Awaken Your Potential

Words: Nelressa STALLINGS-FAYE

Emotional intelligence [EI], in real life, determines our potential to learning practical skills. Emotional competence shows how much of that, or what, potential we have realised by learning and mastering skills and/or translating intelligence. They hold the key to success and fulfilment.

In his landmark book, Working with Emotional Intelligence, noted psychologist and bestselling author Dr Daniel Goleman, PhD, set out a framework of emotional intelligence [EI]. It reflects how an individual’s potential for mastering the skills of self-awareness, self-management, social awareness and relationship management translates into life and ‘on-the-job’ success.

Dr Goleman defines emotional competence as “a learned capability, based on emotional intelligence that results in outstanding performance at work.” To be skilled at an emotional competence like conflict management, or customer service, as Dr Goleman emphasises, requires an underlying ability in EI fundamentals. It is needless to say that emotional competencies are learned abilities, even though having social awareness or skills alone at managing relationships do not guarantee that one has mastered the additional learning required to handle a person or customer expertly and/or to resolving conflicts, even when we have the potential to become skilled with such competencies.

Emotional competencies are job skills that can, and must, be learned to do well and excel at work — in addition, an underlying EI ability is necessary to manifest competence in any one of the four EI domains, or clusters, that Dr Goleman introduced.

  1. The ability to identify and name one’s emotional states and to understand the link between emotions, thought and action
  1. The capacity to manage one’s emotional states — to control emotions, or shift undesirable emotional states to more adequate elements
  1. The ability to enter into emotional states — at will — associated with the drive to achieve and be successful
  1. The capacity to read, be sensitive to, and influence other people’s emotions, along with the ability to enter and sustain satisfactory interpersonal relationships. Consider, for instance, the IQ corollary that a person can have excellent spatial abilities, yet never learn maths. So too can a person be highly empathic, yet poor at handling people or customers if s/he has not learned the required competence in customer service. There we are — our emotional intelligence determines our potential for learning practical skills that highlight Dr Goleman’s EI clusters. In like manner, our emotional competence shows how much of that potential we have realised by learning and mastering skills and/or translating intelligence into ‘on-the-job’ capabilities, or managing things at home.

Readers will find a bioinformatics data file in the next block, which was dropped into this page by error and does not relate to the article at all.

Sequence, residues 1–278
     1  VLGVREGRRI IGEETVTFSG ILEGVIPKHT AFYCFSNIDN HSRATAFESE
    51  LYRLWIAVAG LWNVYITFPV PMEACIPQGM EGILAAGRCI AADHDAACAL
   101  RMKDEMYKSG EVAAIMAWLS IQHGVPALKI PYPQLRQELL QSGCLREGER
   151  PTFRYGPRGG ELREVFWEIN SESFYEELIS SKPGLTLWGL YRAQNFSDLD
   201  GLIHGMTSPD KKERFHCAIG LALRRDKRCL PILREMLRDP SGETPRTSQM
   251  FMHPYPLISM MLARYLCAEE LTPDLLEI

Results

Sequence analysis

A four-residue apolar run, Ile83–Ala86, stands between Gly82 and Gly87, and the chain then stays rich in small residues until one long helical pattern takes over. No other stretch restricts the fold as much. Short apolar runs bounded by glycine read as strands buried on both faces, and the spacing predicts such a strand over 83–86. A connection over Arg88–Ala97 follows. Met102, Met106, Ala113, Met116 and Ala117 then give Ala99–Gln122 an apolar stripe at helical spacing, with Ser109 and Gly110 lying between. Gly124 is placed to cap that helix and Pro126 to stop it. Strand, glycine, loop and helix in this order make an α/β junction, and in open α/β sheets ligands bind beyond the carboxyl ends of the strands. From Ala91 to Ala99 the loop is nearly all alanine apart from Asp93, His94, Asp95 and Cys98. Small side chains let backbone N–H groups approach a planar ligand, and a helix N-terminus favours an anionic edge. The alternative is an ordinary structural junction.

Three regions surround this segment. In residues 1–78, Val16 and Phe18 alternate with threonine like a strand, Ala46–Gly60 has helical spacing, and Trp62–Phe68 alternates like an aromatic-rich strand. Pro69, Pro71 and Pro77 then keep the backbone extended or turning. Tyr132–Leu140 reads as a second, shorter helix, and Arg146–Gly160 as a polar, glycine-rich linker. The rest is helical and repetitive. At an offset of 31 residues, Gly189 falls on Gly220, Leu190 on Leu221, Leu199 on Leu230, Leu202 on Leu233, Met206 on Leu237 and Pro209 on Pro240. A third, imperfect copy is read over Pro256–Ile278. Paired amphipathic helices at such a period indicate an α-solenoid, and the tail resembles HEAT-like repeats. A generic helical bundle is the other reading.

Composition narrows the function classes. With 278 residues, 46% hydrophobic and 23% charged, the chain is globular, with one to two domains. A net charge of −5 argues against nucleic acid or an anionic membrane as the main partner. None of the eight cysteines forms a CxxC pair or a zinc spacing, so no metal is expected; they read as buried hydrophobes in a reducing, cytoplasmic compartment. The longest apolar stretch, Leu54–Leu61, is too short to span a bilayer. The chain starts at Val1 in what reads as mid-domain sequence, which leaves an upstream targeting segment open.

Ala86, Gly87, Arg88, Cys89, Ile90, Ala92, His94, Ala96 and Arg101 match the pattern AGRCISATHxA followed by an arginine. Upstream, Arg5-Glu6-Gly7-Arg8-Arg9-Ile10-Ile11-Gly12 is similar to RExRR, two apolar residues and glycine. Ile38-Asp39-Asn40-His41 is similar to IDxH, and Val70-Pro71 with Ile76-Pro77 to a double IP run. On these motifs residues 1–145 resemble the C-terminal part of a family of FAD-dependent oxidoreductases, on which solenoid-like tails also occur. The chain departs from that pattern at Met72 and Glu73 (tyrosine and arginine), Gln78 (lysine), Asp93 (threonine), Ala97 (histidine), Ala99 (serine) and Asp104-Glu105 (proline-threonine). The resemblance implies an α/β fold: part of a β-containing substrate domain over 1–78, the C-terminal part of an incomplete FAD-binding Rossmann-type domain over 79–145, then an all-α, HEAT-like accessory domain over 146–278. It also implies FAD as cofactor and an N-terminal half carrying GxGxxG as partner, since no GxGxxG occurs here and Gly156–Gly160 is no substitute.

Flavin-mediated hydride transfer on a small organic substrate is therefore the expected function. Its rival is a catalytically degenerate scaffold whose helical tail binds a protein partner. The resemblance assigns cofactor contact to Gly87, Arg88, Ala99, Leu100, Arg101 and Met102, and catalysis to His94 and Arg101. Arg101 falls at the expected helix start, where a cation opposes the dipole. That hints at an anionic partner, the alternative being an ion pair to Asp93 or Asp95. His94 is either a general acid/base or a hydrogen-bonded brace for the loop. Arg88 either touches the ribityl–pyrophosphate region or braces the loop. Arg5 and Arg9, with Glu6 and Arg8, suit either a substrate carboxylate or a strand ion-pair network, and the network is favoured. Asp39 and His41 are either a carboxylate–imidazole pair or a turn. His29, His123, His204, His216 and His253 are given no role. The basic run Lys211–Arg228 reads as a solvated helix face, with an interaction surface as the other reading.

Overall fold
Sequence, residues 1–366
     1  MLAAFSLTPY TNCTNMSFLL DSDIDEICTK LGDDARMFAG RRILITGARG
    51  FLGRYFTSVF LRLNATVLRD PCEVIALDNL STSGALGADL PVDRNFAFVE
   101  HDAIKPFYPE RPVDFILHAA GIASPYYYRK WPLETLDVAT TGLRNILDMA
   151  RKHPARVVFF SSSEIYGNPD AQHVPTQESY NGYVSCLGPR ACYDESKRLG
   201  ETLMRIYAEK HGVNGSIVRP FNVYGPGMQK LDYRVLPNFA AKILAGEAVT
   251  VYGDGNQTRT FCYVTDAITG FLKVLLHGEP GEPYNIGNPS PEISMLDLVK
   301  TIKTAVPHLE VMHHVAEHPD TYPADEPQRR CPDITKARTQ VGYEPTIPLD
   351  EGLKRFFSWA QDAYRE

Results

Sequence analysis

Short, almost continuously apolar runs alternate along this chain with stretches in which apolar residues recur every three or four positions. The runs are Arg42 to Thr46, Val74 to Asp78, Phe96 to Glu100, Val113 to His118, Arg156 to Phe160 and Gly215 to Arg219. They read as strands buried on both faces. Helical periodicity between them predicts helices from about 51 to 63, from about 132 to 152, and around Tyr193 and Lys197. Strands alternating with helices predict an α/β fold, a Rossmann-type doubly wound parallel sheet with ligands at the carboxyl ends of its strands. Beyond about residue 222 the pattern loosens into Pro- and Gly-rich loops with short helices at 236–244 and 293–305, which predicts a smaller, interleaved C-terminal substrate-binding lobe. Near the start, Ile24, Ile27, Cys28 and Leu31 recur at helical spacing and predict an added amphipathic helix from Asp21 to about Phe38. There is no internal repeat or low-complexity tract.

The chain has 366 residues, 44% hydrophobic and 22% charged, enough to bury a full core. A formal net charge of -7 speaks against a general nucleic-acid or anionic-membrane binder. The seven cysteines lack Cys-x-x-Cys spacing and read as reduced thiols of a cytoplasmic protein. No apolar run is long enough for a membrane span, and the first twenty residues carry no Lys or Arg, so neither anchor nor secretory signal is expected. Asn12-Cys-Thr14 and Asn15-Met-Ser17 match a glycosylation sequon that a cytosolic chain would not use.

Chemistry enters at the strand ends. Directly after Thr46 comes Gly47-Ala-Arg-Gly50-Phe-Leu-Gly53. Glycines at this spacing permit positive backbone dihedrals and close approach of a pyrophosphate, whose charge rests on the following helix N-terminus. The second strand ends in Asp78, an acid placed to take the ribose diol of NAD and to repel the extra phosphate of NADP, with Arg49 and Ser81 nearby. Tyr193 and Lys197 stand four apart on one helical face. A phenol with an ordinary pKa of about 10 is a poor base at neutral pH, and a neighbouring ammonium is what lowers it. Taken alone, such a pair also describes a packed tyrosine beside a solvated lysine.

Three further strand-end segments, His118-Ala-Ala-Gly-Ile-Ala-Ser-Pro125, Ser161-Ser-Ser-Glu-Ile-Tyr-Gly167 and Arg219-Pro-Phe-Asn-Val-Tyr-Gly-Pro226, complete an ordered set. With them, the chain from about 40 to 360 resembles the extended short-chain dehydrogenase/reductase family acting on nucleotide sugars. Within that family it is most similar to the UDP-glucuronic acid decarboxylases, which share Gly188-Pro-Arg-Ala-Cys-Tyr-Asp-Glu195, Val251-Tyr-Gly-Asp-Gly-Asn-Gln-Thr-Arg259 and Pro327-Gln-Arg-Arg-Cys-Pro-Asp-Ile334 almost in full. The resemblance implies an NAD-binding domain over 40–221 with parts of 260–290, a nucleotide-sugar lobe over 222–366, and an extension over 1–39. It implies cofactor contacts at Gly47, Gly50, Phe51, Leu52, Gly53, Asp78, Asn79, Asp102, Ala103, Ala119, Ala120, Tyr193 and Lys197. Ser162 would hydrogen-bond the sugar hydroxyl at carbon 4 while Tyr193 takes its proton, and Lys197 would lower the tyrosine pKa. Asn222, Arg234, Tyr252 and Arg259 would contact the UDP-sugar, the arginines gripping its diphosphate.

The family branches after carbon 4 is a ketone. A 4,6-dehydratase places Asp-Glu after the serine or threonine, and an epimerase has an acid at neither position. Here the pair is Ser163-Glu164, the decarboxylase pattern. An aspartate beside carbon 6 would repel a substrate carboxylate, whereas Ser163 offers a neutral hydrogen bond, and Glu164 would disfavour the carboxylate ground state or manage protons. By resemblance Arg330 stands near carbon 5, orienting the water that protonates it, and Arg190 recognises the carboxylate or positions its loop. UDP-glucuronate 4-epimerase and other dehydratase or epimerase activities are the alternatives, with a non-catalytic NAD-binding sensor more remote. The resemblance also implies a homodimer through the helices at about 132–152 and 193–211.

Dr Goleman identifies a host of competencies that nestle in the four EI clusters of EI abilities cited earlier. His model also suggests that we cannot demonstrate the competencies of trustworthiness and conscientiousness without the mastery of the fundamental ability of self-management — or, competencies of influence, communication, conflict management etc., — without having a grip on managing relationships. 

The following framework presents the essential of the essentials of emotional competencies — 


  • Personal competence
  • Social competence
  • Recognition
  • Self-awareness
  • Emotional self-awareness
  • Accurate self-assessment
  • Self-confidence
  • Other.

Social Awareness 

  • Empathy
  • Service orientation
  • Organisational awareness.


  • Self-control
  • Trustworthiness
  • Conscientiousness
  • Adaptability
  • Achievement drive
  • Initiative.

Relationship Management

  • Developing others
  • Influence
  • Communication
  • Conflict management
  • Leadership
  • Change catalyst
  • Building bonds
  • Teamwork and collaboration.

The bottom line: keep working on your EI and emotional competencies on a daily basis — because practice makes things better, if not perfect.

NELRESSA STALLINGS-FAYE, BA, MA, TESOL/TEFL/TOEFL, a former writer-copywriter-PR consultant, is US-certified and licensed K-12 educator, Cambridge certified lecturer, international administrative co-ordinator and research student from the University of Exeter. She currently works with the indigenous Yu’pik tribes in northern Alaska as a licensed educator and ESOL specialist.

Leave a Reply

Your email address will not be published. Required fields are marked *

64  −    =  sixty

error: Content is protected !!
This site uses cookies to offer you a better browsing experience. By browsing this website, you agree to our use of cookies.